The new Lynn Wyatt Square in downtown Houston has been transformed from a concrete heat island into the new, lush front yard of Houston’s Theater District. Designed by international design collective RIOS, the park is a testament to the ingenuity of interdisciplinary design: By addressing the citywide need for both more green space and outlets for art and creative expression, Lynn Wyatt Square is no longer a place to get through, but a place to linger.
Much more than a park, Lynn Wyatt incorporates a variety of programming in highly designed ways. Loosely inspired by urban choreography, it has curvaceous walkways, but at its core, the park fosters performance through architectural interventions. Through a collaboration with architects at HarrisonKornberg, there’s now a two-story restaurant, but also an amphitheater in a grassy knoll, and other flexible performance areas.
One familiar with the area may wonder, how is all of this parkland sitting atop a parking garage? RIOS cites this underlying constraint as an inspiration. The square sits above two 60-year-old parking garages separated by a 2-inch gap. However, this preexisting condition was embraced: “We made that a basis of our design,” said Peter Emerson, a studio director at RIOS. “We didn’t want to go in with a proposal that wasn’t structurally realistic.”
Each corner of the square is accessible, both from street level via ramps and from the parking garage below via a four-stop elevator. Two of the ramps are particularly serpentine: One ascends from Texas Avenue through a zigzag maze of local fauna, and the other, from Smith Street, winds through a multilevel water fountain. These immersive treatments for what could have been run-of-the-mill circulation paths make them beautiful and accessible. Emerson explained that “we designed this water feature to be high enough that if you’re in a wheelchair, you’re going to be really intimately situated within that water. And in fact, it’s probably a much cooler experience than if you’re standing.”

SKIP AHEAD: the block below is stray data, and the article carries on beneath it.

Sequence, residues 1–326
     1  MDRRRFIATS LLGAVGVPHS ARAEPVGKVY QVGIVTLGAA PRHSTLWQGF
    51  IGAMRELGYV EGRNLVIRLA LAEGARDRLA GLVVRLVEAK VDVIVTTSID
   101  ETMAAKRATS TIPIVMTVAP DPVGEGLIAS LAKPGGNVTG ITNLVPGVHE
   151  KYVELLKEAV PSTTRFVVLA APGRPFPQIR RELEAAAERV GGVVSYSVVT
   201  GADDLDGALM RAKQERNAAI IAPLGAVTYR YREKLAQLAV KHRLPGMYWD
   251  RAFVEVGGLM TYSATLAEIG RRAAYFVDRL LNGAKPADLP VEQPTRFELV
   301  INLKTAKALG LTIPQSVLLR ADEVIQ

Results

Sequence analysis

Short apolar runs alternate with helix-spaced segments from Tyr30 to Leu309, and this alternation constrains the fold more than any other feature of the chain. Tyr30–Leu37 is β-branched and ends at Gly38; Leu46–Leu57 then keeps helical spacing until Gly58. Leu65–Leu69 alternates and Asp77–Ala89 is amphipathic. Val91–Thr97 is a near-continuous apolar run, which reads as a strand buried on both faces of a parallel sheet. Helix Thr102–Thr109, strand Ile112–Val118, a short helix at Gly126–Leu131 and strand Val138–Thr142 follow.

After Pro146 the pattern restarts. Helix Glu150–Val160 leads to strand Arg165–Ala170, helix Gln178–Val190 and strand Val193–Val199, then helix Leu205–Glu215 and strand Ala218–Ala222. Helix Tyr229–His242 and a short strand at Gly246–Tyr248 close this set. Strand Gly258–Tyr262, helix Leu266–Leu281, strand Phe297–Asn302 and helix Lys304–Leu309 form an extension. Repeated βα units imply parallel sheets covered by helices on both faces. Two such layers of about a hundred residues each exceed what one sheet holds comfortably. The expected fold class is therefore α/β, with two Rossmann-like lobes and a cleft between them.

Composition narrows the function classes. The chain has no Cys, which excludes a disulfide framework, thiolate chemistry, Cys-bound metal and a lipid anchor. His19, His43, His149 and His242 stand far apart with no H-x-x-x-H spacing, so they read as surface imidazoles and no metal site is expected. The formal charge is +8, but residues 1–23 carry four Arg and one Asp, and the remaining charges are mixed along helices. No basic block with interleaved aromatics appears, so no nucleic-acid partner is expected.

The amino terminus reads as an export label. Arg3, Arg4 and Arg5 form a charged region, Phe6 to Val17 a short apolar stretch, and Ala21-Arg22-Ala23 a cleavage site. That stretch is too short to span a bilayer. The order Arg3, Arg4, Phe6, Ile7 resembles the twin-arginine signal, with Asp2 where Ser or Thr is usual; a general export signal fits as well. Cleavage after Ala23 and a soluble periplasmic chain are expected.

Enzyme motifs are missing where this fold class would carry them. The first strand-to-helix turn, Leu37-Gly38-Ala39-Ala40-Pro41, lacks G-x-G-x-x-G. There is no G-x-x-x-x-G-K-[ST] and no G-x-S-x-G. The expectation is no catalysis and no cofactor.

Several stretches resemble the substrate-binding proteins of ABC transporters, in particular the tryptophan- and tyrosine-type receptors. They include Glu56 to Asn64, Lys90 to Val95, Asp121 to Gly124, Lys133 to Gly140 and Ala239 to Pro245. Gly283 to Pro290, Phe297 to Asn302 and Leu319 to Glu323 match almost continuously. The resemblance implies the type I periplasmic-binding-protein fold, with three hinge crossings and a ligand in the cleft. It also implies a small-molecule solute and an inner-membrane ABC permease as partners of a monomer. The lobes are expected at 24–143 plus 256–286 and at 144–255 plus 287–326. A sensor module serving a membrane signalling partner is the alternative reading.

RIOS wants Lynn Wyatt Square to introduce new audiences to the performing arts and tie together the diverse offerings downtown has to offer. “It’s extremely important that audiences are diversified,” Emerson continued, “and that audiences feel welcome from wherever they live and whatever their background is.” Performance can happen almost anywhere within the square thanks to plug-in stations scattered throughout that provide electricity for amplification. There is even a “sometimes stage” in the fountain: a platform that can be drained so that a performance can take place with cascading water surrounding it. RIOS designed with the motto “The people are the performance.” People are imperative to placemaking, and therefore the square needs to be inviting and comfortable, unlike its predecessor.
Asakura Robinson, a Texan landscape architecture firm, worked with RIOS to incorporate hardy native plants and large, mature shade trees, which help mitigate the scale of the surrounding buildings. Evapotranspiration will lower the ambient temperature in the square, while the lawn and shaded walkways cut down on glare. The trees’ custom root boxes aren’t boxes in the traditional sense; they allow the roots of the trees to intermingle, supporting the mycorrhizal network, which enables trees to live longer, healthier lives.
Two overlooks, one on Smith and one on Texas, extend the park’s pathways, provide unique viewpoints, and offer visitors “an opportunity to engage with the street in a different way,” Emerson explained, providing “a sort of beacon or welcome sign from the street level.” They signal the square as an important civic place, beckoning people and providing almost tangible lines of connection to nearby anchors, like the Alley Theater. They are a focal point for the circulation design, drawing pedestrians—and hopefully, eventually performers—through the square. The entire project has transformed a former heat island into a shady gathering spot with innovative new programming and technological interventions not often seen in city parks.
Emily J. Hynds is a writer and artist living in Houston.
- Design Landscape Architect: RIOS
- Landscape Architect for Planting Design: Asakura Robinson
- Architect: RIOS
- Executive Architect: HarrisonKornberg
- Location: Houston
- Client: Houston First Corporation
- Contractor: Manhattan Construction Company
- Structural Engineer: Henderson Rogers
- MEP Engineer: E&C Engineering
- Civil Engineer: Gradient Group
- Furniture: JANUS et Cie
- Precast stairs: Wausau QCP
- Pavers: QCP
- Light poles: Technilum, Selux
- Waste receptacles: Landscape Forms
- Bicycle racks: Landscape Forms
- Water Feature: Fluidity